Tiger Troubles Start and End on the Mound

Wow. That is what I muttered when I turned on the Tiger game yesterday afternoon to see the scoreboard read, Rays: 8, Tigers: 0, in the top of the seventh inning. I turned off the television and started to ponder the same question that has been going through the mind of every Detroit fan since the All Star break: What is wrong with the Tigers?

Before I got too deep into thought by overanalyzing every little mishap, I took a step back and looked at the bright spots. Even with their 11-18 mark after the Mid Summer Classic, the Tigers still hold a record of 63-51 and are only a half game back of the Indians. There are also plenty of games to be played, and with the experience of last year's playoff run and a manager like Jim Leyland, the Tigers have the veteran presence capable of rising to the challenge.

With that being said, why haven't they played up to their enormous potential for the past two months? They have the league's top hitters in Magglio Ordonez and Placido Polonco, the most feared middle of the order in all of baseball and have boasted the best overall offense for a good share of the season. Defensively, Sean Casey scoops everything thrown his way, while Curtis Granderson just may be budding into becoming the game's best defensive centerfielder.

Regardless of the Tigers' success at the plate, the game is still won and lost on the mound – and that is where the Tigers have surprisingly faltered this year. With all five returning starters, and the bullpen expected to bring back Joel Zumaya, Fernando Rodney and Todd Jones, the Tigers were a team with no holes. That is, until reality set in, and the harsh reality is that it's not 2006 anymore.

It is in fact 2007, and as of today, the Tigers are missing flame throwing Joel Zumaya, Justin Verlander is the only starter with an ERA under four, the bullpen struggles have been well documented and the Tigers pitching staff as a whole ranks in the bottom half of the American League with a 4.59 ERA.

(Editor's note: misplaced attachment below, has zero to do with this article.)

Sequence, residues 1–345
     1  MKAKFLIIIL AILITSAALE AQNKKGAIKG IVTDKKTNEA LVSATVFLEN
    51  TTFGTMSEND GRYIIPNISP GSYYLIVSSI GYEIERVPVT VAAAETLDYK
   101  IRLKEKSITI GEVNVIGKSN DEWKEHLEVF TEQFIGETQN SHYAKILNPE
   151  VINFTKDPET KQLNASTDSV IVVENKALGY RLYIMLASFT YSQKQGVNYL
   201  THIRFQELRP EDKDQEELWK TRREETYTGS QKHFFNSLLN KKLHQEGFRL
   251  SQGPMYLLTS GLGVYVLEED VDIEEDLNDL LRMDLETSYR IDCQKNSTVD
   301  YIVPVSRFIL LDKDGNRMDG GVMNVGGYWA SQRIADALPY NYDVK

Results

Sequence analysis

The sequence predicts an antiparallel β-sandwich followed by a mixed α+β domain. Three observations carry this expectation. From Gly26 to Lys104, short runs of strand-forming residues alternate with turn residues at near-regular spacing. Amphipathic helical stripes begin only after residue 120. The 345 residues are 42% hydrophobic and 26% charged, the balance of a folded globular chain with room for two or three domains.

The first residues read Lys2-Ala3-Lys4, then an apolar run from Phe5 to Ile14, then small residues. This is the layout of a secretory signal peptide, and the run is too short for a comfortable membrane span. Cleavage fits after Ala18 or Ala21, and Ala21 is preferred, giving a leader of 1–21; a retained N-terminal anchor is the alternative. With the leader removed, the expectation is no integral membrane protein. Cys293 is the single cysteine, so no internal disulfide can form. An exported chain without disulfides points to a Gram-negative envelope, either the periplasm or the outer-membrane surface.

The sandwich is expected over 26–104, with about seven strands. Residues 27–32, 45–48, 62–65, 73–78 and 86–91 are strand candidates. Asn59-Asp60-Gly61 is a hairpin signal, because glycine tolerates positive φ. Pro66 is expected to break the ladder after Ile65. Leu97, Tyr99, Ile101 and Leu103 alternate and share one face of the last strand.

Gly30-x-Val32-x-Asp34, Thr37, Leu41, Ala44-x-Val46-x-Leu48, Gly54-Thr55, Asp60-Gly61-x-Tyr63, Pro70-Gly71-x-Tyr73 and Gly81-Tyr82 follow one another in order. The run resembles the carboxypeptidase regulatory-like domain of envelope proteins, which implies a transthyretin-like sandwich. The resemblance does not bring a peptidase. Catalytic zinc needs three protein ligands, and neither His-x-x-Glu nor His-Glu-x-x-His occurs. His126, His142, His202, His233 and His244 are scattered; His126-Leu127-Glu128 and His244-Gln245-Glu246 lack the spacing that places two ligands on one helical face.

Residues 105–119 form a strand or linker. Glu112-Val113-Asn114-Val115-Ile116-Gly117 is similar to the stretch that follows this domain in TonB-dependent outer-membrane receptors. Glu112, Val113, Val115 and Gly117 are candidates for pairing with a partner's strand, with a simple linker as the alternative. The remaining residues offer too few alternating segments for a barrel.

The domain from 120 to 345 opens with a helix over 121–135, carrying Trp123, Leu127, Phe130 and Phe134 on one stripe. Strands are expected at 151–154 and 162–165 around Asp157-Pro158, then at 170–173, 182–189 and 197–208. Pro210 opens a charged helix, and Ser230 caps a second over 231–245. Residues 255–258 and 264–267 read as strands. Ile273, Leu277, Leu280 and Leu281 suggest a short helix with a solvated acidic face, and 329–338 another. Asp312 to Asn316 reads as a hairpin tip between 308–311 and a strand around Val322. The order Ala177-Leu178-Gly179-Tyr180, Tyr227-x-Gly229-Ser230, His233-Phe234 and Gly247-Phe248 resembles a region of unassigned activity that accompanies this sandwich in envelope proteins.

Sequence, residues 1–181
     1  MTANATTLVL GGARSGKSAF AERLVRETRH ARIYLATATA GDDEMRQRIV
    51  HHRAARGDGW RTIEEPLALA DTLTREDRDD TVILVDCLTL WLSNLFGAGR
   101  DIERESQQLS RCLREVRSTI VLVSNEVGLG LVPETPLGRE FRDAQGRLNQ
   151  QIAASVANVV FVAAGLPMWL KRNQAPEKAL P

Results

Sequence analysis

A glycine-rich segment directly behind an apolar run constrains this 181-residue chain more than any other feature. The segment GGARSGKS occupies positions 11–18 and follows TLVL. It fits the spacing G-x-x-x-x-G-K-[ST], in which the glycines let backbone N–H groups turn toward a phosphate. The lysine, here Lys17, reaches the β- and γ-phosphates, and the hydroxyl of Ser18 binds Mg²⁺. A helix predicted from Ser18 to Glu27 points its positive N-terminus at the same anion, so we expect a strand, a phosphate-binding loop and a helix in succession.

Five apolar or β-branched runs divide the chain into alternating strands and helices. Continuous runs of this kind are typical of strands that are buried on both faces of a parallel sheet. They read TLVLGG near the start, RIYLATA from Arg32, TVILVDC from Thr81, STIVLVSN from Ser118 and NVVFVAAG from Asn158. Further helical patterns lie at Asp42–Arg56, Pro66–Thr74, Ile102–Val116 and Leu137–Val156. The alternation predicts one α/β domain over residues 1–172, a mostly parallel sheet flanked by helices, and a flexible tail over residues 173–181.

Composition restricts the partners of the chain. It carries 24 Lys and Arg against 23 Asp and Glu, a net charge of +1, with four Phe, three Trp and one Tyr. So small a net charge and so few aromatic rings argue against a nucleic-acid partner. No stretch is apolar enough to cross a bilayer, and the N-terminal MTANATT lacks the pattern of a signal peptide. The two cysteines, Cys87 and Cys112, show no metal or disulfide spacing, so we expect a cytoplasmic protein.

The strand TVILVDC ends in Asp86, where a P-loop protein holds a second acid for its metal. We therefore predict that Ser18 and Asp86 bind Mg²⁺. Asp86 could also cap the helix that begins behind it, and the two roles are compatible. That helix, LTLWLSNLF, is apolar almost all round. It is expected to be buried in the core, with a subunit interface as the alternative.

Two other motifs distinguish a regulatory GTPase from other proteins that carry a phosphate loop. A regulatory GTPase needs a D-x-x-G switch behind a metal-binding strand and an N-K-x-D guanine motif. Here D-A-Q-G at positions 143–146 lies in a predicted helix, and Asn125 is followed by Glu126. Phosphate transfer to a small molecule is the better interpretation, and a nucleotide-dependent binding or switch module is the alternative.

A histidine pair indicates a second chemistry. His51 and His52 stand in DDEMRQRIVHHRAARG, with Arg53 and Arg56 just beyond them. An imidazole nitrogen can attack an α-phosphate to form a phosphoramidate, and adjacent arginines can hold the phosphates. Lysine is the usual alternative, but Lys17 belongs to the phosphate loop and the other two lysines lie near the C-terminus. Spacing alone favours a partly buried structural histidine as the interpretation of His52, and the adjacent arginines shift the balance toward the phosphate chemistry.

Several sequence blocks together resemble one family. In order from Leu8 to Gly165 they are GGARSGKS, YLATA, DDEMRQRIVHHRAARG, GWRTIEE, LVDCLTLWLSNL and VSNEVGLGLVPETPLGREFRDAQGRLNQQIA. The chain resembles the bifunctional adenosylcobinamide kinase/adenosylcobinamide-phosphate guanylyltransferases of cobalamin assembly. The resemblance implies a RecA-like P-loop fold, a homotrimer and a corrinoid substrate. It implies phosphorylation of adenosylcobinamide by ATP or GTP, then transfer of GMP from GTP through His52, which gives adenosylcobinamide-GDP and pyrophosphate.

As for the Tigers' vaunted starters, Jeremy Bonderman's first inning woes have been troublesome, to say the least. One way or another he must fight through these struggles if he truly is the type of pitcher the Tigers, and experts throughout the game, believe he is capable of becoming. Just as troublesome lines belong to Nate Roberterson, who stands 6-9 on the season with a 4.94 ERA, and 22 year old Andrew Miller (5-4, 4.42), who I firmly believe never should have been promoted in the first place.

With Kenny Rogers landing on the disabled list once again, the Detroit's starting rotation is a shell of what it was expected to be. But that is baseball, as the Tigers weren't expected to contend in 2006 (they did), and as they were expected to roll through the regular season with ease (they haven't).

So, today, is it time to finally start questioning whether or not the Tigers have enough to make the playoffs? That's a firm "yes," and it's due time that the players stop pressing and overanalyzing and remember one thing: they are good. There is a reason that they were pegged as the best team in baseball going into the year, and there is a reason that they are still one of the top teams in the league. They just have to go out on the field and do it.


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